Learning differently and knowing it can change your life. Ask Princess Beatrice. We did. She remembered her school days, her first encounter with learning, with reading, with spelling and it was hard.
She was diagnosed with dyslexia when she was seven years old. Supported by the Helen Arkell Dyslexia Centre the Princess developed a ‘toolkit’ of skills which she had learned, and which she has continued to use over the years. In her foreword to Helen Arkell's ‘Anyone Can Spell It’ book she states that “without HADC’s support my life could have been very different”.
She has revealed that while she was in school, a lot of her best friends were dyslexic as well, and they would study together, at their own pace. She also spoke about how reading the Harry Potter books helped her overcome her difficulties. “The second story came out, I couldn't put it down. Now I read so much quicker, so much better and I studied history at university which involved a lot of reading.”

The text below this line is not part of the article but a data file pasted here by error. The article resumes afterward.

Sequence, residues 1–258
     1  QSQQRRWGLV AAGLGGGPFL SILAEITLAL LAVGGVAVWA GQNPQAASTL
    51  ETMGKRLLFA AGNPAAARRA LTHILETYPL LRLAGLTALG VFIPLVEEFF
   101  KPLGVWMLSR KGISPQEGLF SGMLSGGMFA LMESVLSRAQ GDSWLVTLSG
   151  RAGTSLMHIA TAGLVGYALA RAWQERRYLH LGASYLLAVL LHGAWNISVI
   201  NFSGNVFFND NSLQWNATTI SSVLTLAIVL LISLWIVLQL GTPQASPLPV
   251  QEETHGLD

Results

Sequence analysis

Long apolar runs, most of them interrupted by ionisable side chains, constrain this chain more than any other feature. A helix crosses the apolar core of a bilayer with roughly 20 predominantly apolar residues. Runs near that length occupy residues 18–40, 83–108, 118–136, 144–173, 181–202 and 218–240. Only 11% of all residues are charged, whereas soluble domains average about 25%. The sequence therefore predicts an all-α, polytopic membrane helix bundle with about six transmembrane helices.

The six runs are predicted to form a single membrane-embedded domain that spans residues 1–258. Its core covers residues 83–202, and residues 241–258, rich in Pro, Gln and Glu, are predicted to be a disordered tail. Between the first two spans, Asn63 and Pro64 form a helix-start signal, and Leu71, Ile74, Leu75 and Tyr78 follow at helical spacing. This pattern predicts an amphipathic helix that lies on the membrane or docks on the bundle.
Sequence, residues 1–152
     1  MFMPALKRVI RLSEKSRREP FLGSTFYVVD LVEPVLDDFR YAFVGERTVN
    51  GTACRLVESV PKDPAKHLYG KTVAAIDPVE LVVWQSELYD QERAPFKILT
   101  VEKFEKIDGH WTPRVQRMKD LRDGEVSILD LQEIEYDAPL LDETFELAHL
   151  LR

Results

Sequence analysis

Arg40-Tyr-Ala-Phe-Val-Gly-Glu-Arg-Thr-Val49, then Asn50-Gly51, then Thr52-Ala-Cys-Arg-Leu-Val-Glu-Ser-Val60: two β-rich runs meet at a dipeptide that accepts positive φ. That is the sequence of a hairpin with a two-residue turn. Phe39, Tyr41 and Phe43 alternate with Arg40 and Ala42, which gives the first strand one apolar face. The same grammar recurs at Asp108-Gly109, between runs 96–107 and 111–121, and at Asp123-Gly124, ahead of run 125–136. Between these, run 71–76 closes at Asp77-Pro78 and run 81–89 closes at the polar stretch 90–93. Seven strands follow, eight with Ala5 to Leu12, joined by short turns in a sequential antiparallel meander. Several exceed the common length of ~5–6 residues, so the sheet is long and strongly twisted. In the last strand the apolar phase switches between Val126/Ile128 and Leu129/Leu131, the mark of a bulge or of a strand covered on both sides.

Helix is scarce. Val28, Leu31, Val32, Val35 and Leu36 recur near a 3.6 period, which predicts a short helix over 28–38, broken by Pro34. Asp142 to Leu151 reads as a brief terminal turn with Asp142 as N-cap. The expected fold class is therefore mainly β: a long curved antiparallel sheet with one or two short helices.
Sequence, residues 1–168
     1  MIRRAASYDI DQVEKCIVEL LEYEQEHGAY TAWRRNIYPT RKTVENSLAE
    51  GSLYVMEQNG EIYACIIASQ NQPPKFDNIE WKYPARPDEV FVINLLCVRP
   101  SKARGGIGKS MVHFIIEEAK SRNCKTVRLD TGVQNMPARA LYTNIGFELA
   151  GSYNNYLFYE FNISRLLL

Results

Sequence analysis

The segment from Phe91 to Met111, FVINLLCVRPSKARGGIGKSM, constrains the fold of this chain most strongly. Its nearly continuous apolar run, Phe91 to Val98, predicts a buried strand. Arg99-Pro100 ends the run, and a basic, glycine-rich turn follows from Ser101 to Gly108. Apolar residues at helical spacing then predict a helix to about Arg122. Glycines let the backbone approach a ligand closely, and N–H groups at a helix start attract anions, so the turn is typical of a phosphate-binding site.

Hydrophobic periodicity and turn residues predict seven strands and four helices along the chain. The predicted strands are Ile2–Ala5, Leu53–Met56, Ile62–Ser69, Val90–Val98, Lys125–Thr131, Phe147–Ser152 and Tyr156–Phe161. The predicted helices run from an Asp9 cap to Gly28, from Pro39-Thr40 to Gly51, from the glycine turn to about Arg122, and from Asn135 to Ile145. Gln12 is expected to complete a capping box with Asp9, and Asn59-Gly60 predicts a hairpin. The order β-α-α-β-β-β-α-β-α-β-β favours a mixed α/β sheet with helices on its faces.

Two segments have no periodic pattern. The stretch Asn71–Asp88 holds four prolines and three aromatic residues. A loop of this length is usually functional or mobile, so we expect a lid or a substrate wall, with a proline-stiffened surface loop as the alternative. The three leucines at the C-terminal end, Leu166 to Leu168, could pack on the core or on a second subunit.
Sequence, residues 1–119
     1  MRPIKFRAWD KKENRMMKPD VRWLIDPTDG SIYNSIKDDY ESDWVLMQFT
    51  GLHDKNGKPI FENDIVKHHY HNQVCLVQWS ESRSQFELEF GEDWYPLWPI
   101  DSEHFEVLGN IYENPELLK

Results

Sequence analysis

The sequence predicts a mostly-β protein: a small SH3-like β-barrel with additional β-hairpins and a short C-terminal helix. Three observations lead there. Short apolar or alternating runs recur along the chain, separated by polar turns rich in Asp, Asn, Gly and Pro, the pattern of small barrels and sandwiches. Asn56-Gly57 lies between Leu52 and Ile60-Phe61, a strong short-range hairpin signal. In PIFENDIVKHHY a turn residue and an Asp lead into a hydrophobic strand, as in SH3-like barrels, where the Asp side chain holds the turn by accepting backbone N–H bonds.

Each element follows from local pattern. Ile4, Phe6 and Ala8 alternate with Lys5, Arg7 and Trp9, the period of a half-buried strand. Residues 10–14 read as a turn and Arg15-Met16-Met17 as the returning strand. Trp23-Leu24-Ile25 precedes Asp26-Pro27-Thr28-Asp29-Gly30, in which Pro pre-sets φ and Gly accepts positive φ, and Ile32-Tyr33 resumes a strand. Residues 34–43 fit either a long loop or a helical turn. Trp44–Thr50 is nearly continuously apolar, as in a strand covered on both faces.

It was a great honour when the Princess agreed to be our Royal Patron. She says,
“Dyslexia is not a pigeonhole to say you can’t do anything. It is an opportunity and a possibility to learn differently. Dyslexics have magical brains, they just process differently. Don’t feel like you should be held back by it.”
We are very proud of our Royal Patron, Her Royal Highness, Princess Beatrice.
See our interview of Bernadette McLean, (Principal of Helen Arkell 2006-2017), chatting with Princess Beatrice.
"Dyslexia is a badge of honour."
"Being diagnosed with dyslexia is the greatest thing that ever happened to me."
"Together we can make a huge difference in the world."